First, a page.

Using Thinking Cards to improve mental wellbeing

Key Points

  • The “Thinking Cards” were developed to help young people improve their mental wellbeing utilising techniques from Cognitive Behaviour Therapy (CBT) and mindfulness.


What were your reasons for doing this development work?

Over a number of years we had recognised that young people were finding it hard to make  changes in their life and to develop resilience.  Simply presenting them with advice and scenarios did not seem enough to help them effect change.  So we looked at the ideas used in Cognitive Behaviour Therapy and Mindfulness and sought to distill the key ideas into 25 or so easily remembered phrases that could be presented on cards for them to learn and work with.  The aim being that young people can improve their inner life and well being by suffering less from unhelpful thinking and benefit more from helpful thinking.

Who were the identified target learners?

At the Royal Free Hospital School, the cards are used with Key stage 2-4 pupils with mental health challenges but they could be used with equal effectiveness in mainstream settings with children and young people struggling to develop resilience.

What specific curriculum area did you intend to have impact on?

The overall impact of the programme is intended to affect the social emotional aspects of learning across the curriculum.  They may be especially useful to tutors and mentors.


What did you do - what teaching approaches did you use?

  • We wanted to develop a learning tool to support young people in identifying their positive and negative thought patterns. The overall aim was to see a reduction in anxiety and an improvement in resilience.
  • The development of the tool, required the design and printing of a set of cards with text on one side and an image relating to that text on the other side.  The cards are used to teach young people to identify their negative and positive thought patterns.
  • The cards are also designed to encourage a dialogue between personal tutors/learning mentors/teaching assistants and pupils and provide a scaffold for breakout sessions.
  • The visuals that were used appeal to young people and are combined with simple yet powerful messages to enable young people to identify and challenge negative thinking.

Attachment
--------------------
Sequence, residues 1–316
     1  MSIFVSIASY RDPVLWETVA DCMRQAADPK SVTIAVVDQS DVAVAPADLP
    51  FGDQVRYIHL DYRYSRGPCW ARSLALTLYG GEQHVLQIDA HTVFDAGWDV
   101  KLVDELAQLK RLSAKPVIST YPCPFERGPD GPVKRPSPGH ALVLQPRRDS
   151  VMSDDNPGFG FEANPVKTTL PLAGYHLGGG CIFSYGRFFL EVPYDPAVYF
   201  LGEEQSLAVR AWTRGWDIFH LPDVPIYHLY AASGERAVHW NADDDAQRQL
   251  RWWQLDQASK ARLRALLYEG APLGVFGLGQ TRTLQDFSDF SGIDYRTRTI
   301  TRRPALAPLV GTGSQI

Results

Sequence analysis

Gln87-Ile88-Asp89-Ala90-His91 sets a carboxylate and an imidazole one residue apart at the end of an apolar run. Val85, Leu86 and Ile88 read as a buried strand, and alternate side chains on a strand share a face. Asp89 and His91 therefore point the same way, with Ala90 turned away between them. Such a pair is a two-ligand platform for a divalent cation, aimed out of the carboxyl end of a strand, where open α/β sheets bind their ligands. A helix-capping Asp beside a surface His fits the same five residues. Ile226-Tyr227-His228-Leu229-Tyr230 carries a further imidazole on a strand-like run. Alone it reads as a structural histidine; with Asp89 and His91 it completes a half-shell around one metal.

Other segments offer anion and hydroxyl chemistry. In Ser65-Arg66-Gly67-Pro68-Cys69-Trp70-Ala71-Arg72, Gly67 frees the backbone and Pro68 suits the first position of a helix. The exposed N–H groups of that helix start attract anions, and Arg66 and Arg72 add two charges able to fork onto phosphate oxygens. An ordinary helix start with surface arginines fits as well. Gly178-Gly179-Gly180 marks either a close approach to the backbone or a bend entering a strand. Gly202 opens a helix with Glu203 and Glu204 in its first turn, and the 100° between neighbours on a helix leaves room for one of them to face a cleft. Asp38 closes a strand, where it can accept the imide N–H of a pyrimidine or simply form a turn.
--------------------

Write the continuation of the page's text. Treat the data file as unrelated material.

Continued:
• We have endeavored to make the use of the cards a special experience for the young people. The cards have a high quality finish and presentation and are supplied in a velvet lined presentation box.
  • Children and young people set themselves targets over a period of time and by a particular focus on the helpful thinking cards can exhibit changes on their thinking and feeling.

Outcomes and Impact

What has been the impact on pupil learning?

  • The impact of the cards is being assessed through the use of both qualitative feedback from pupils/staff and the collation of quantitative data gathered through the assessment of pupil’s pastoral progress by staff (recorded on the school database and analysed on a termly basis).
  • The cards have been in use since September in their current format and already there are a signs that children are using the thinking cards to effect significant change both outside and inside school
  • Qualitatively, there have been a number of concrete examples of young people reporting that they have used the images on the cards to evoke a more positive state of mind. To measure the impact quantitatively, the school is recording the range of unhelpful thinking  patterns with the view to reducing these over the periods of twelve months
  • A scheduled handover meeting each morning allows our teachers and other staff to feedback pastoral progress on pupils. The project is clearly sustainable: new packs can be distributed year on year for use with new groups. The possibility also exists for the development of research projects alongside CAMHS in the Royal Free Hospital.

Sharing Practice

If another individual or school was attempting to replicate this work, where should they start?

  • The Senior teacher at the Royal Free Hospital School would be happy to hold an initial meeting with the interested school and discuss the experience of using the cards and the most effective ways for their use.

Case Study

Thinking Cards allow a child to think about their helpful and unhelpful thoughts and make change

Special Schools
  • Published
    4 January 2017
  • Author
    Mike Kelly
  • School
    Royal Free Hospital
  • Whom to Contact

    To discuss this case study, please contact us via email

Rating / Stats

This will work in my school

We did this in our school and it worked

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